Cruziohyla sylviae

Cruziohyla sylviae Gray, 2018. Family Phyllomedusidae. Eng. Sylvia’s treefrog. Spa: Rana tigre. 

Holotype: BMNH 2018.5509, by original designation.

Type locality: "Alto Colorado: Guayacán: District of Siquirres: Limón Province: Costa Rica, 700 m.

Generalities. A genus with three species, C. calcarifer, from southern Costa Rica to Ecuador, west of the Andes; C. craspedopus, a wonderful Amazonian species; and the recently described

C. sylviae

Definition. A splendid treefrog of moderate size, males up to 83 mm, females up to 90 mm. Dark to pale green with yellow to orange flanks with transverse black narrow stripes and bright orange hands and feet.  Lower lip white. Iris gray bordered by yellow; pupil vertical to elliptic.

Hands huge with extensive webbing and expanded discs. Belly yellow.

Comparison with similar species. C. sylviae only can be confused with C. calcarifer in southern Caribbean Costa Rica and Panama. C. sylviae has not yet been recorder from Colombia. C. sylviae lacks a well-defined calcar (present and well-defined in C. calcarifer); C. sylviae has transverse black bars crossing from up to down, while C. calcarifer has black to gray extensions that normally do not reach down to the belly. C. craspedopus is an Amazonian species (totally allopatric) and has extensive flaps on the tarsi and white (instead yellow) irregular spots on dorsum.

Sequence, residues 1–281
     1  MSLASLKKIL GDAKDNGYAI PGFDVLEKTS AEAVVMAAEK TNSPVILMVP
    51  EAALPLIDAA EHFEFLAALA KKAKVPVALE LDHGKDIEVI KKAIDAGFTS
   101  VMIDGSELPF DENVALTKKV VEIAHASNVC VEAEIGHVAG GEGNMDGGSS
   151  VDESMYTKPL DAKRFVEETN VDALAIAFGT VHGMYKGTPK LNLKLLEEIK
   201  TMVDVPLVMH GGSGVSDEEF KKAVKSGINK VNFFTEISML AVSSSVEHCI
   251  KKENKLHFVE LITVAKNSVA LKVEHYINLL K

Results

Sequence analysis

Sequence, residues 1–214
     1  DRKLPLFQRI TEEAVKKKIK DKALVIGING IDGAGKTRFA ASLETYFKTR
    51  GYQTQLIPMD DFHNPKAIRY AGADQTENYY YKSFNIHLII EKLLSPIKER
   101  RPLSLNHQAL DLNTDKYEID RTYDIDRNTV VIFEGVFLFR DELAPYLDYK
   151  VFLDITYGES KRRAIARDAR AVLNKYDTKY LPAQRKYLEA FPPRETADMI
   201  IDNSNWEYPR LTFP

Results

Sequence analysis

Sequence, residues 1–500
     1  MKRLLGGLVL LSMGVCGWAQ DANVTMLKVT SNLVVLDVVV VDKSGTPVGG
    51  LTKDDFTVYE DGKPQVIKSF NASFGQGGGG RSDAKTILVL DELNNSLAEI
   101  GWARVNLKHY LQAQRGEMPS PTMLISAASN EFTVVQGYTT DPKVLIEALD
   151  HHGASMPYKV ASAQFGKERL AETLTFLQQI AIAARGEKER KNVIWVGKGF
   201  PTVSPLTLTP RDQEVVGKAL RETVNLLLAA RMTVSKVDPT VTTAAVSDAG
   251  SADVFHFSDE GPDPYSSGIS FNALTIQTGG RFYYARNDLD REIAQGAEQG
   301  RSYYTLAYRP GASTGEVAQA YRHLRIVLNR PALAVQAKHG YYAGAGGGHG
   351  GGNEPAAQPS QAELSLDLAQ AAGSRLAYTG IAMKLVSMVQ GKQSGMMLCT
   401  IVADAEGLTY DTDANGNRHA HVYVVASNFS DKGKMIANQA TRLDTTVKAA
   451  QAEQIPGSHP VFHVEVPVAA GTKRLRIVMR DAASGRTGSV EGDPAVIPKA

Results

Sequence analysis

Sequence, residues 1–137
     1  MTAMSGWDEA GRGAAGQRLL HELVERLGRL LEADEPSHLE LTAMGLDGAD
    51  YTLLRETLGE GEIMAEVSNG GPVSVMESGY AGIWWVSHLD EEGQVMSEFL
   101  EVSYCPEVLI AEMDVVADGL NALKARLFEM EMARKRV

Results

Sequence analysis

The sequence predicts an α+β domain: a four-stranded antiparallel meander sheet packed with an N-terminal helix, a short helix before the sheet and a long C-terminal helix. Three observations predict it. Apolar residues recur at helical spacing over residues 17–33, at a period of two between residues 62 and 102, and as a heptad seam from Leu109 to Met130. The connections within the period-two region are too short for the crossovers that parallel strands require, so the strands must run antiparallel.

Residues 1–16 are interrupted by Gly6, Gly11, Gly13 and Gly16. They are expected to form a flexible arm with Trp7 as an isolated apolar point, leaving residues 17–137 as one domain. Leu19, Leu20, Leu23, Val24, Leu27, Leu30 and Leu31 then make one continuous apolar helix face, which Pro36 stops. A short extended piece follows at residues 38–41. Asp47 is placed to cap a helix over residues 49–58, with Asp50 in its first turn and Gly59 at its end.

Distribution. Cruziohyla sylviae extends from Honduras through Nicaragua towards the Darien in Panama. It has not yet reported from Colombia, from where it is highly expected.

Natural History. A canopy dweller, it spends most of the dry season (from January to May in Central America) in semi-estivation.  The first rains of the wet season will active them, which will descent from the canopy to breed in small hollows of living or dead trunks in the rainforest. Males call to attract females with a short wok. Eggs are laid hanging in small leafs or steams over the filled water hollows. Males attach to females during the night, sometimes fighting other males; females lay their eggs early in the morning. The egg mass is grey, containing 10-60 eggs; tadpoles develop in 5-7 months to pale metamorphs. C. sylviae feeds exclusively on small to medium sized insects (orthoptera, coleopteran…) and aracnids.

Conservation status. Cruziohyla sylviae has not yet a IUCN resolution for its populations. It probably will reach a Least Concern status based on its widespread distribution.

Fotos: César Barrio-Amorós/CRWild.